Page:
In this study, we found that the 5-year CRC survival differs by route to diagnosis (89%, 77% and 63% in groups 1, 2 and 3, respectively). Notably, survival is higher in patients diagnosed through the screening programme. It is already known that CRC population screening programmes have reduced CRC-related mortality [1,2,28], although most studies have been based on programmes using guaiac-based faecal occult blood tests. According to the systematic review of Gini et al [29], to date, only two observational studies from Italy have provided evidence that faecal immunochemical testing reduces mortality [30,31].
On the other hand, our data indicate that, in symptomatic patients, CRC survival is higher when the FIT is used for the diagnosis, nearly as high as that observed in patients diagnosed through the screening programme. It would be logical to think that that these lower mortality rates in the screen-detected group (Group 1) and symptomatic patients who had had a positive FIT (Group 2) are mainly attributable to the higher percentage of localized disease at the time of diagnosis in these groups. In fact, in our study, we found significant differences in the distribution of stages between the group 1 and the other study groups. Notably, the disease was localized (stage I or II) at diagnosis in 71.6% of screen-detected cases (Group 1), in line with previous studies [32,33,34], and in 52.7% of cases in symptomatic patients with a positive FIT (Group 2). Further, the rates of metastatic CRC were lower in these groups.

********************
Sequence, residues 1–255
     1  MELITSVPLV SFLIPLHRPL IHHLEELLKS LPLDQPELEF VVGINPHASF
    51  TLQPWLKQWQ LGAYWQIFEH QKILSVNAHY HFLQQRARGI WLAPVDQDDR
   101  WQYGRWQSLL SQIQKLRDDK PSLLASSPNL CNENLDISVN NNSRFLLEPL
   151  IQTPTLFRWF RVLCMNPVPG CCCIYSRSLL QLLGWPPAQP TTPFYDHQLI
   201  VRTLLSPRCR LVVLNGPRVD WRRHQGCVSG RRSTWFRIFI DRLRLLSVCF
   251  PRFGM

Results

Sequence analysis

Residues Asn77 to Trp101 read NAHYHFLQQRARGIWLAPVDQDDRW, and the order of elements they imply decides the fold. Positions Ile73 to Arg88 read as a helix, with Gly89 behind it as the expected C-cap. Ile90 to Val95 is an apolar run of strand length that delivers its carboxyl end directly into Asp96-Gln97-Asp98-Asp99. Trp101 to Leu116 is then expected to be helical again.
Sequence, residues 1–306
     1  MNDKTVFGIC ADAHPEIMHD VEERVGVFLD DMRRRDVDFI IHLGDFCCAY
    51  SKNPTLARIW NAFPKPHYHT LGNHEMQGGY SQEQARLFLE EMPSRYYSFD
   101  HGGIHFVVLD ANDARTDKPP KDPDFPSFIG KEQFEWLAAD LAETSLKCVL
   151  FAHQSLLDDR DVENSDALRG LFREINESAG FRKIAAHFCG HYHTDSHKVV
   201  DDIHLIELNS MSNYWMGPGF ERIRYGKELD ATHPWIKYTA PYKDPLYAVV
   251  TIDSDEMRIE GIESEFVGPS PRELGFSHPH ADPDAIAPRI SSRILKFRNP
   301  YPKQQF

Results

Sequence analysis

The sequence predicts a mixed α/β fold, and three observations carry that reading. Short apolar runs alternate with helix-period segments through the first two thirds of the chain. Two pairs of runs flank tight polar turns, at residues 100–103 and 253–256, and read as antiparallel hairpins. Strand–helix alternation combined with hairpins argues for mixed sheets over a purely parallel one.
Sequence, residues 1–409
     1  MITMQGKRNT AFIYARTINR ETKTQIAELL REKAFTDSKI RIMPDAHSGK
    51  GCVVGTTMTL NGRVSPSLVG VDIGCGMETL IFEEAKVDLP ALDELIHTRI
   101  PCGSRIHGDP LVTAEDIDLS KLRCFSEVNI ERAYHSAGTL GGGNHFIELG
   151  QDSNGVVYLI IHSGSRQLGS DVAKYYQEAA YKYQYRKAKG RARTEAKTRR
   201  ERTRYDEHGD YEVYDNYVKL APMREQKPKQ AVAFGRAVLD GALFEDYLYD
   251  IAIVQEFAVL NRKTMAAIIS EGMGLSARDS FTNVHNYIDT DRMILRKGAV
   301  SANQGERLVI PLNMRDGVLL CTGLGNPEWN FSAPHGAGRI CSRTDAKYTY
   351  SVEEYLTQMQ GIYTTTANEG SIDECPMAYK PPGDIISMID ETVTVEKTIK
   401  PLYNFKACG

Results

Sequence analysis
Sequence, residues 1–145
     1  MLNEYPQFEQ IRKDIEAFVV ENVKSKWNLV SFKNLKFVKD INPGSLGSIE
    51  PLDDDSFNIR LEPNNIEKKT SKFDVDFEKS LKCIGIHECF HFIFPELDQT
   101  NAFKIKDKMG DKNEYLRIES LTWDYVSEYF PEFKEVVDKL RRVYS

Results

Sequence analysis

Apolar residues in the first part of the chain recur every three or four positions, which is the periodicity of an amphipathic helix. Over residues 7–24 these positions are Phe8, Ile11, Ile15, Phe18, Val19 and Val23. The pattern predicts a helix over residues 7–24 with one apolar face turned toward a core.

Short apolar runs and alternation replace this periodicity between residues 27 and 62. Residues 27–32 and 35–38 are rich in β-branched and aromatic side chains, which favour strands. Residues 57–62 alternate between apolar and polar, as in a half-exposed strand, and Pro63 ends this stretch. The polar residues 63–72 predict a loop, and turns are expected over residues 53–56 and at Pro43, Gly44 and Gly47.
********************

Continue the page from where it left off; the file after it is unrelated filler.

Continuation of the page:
However, although a higher percentage of localized stages was observed in group 2 when compared with group 3, there is no statistical significance (Table 2). This result might be explained firstly by the size of our cohort. In this regard, we recently conducted a study including 1527 CRC patients with more than 18 years-old in which we were able to observe significant differences in stage distribution when comparing symptomatic patients that were diagnosed after a positive FIT result, with the other patients [17]. Secondly, there may be other factors, such as other comorbidities, that might affect the overall survival of the study group. Nonetheless, further studies with larger samples sizes are required to identify which patient- and medical-related factors have an impact on the decision of whether or not to request a FIT.

3.2. CCR in FIT-Positive Patients Who Declined Colonoscopy

Our study shows that 8.6% of patients diagnosed with CRC (n = 41) after a positive FIT result in the screening programme had not undergone the recommended colonoscopy. These results are consistent with those of the review by Domenech et al [35], who reported 7 to 12% of CRC patients failing to complete the diagnostic process, but lower than the rate found in the systematic review and meta-analysis of Gingold-Belfer et al [36], who observed that 19.4% of patients who obtained a positive FIT result in screening did not undergo a second diagnostic procedure. It is now clear that a colonoscopy should be performed after a positive FIT result to complete the screening process. Nonetheless, there are still relatively few studies that have analysed rates of adherence to recommendations in screening programmes and their impact.